Latin American Art: Severing Ties to Europe

Article excerpt

`LATIN American Artists of the Twentieth Century" at the Museum of Modern Art (MOMA) is a show that needed to happen. The exhibition, which contains 300 works from 1914 to the present by 90 artists, is like walking through a history of modern art. Major movements like Cubism, Expressionism, and Social Realism, appear. What's new is how these paintings, sculptures, and installations give unfamiliar twists to familiar styles.

Latin American artists absorbed avant-garde trends originating in Europe, but they added elements from their own cultures to create a hybrid modernism. This art blends innovative 20th-century techniques with pre-Columbian traditions and New World political concerns.

A key painting that illustrates how Latin American artists both used and transformed lessons from foreign culture is Tarsila do Amaral's "Anthropophagy." The title, which means cannibalism, refers to the need to devour Old World conventions and refashion them into a distinctively Brazilian art. Her solid nudes and simplified tropical landscape are reminiscent of the tubular shapes of Leger, with whom Amaral studied in Paris. Yet the painting's setting and distorted figures announce an aesthetic rooted in another continent, which - while hardly Edenic - is lush, raw, and vigorous.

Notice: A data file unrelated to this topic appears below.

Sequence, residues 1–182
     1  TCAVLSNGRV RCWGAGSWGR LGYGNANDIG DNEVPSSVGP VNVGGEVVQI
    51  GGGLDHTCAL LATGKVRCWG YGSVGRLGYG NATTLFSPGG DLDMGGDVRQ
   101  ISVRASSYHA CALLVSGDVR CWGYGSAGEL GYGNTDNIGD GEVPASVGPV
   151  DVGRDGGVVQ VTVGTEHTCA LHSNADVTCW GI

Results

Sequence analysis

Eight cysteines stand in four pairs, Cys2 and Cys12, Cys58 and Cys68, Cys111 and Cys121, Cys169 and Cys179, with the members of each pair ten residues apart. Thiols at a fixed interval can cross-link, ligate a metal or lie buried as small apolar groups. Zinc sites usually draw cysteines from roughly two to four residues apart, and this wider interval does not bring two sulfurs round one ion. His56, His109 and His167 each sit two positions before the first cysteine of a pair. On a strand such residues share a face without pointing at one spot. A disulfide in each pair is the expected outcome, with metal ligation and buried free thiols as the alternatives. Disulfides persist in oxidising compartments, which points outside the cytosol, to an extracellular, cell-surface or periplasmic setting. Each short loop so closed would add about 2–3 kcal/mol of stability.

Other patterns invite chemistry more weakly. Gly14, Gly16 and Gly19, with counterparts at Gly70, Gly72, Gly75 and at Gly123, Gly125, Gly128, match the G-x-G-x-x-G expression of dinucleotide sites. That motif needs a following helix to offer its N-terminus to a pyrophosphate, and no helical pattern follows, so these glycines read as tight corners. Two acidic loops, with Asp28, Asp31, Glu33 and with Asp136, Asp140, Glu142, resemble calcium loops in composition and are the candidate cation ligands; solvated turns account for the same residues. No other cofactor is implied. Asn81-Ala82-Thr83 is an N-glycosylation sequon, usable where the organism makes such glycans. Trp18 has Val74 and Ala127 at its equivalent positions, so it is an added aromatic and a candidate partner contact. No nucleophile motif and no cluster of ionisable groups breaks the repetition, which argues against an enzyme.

Diego Rivera, too, began as a clone of the Parisian avant-garde, with early work re-imagining Cubism. (He once said, "I do not believe in God, yet I believe in Picasso.") "Zapatista Landscape" might be a generic Cubist still life, complete with trompe l'oeil wood-grain effects, except that his subject is the Mexican revolution and includes elements such as a rifle and serape.

Rivera's mature art, like his Social Realist frescos, broke with Europe to glorify Mexican peasants and their cultural heritage. In his quest for nationalistic purity, he even experimented with indigenous cactus juice as a painting medium and consciously based his style on ancient pre-Hispanic art. In his stylized paintings of peasants, figures have the cylindrical monumentality of Mayan carved gods.

Besides Rivera, the other Mexican muralists of the 1930s, known collectively as Los Tres Grandes - the three great ones - are also here:David Alfaro Siqueiros and Jose Clemente Orozco. Their art was revolutionary in more than just aesthetics. They used murals to stir the populace to support land reform. The epic scale of Orozco's fresco, "Divebomber and Tank," and the aggressive style of Siqueiros's "Echo of a Scream" greatly influenced Abstract Expressionists like Jackson Pollock and Willem de Kooning.

A common thread in this chronological exhibition, crossing boundaries of time, geography, and style, is political commentary. From the glorification of peasant laborers in Candido Portinari's "Coffee" (1935) to Rafael Ortiz's powerful denunciation of the holocaust in "Children of Treblinka" (1962) and Frida Baranek's exuberant assemblage of discarded United States Defense Department weapons, "Unclassified" (1992), Latin American artists criticized tyranny in many forms. …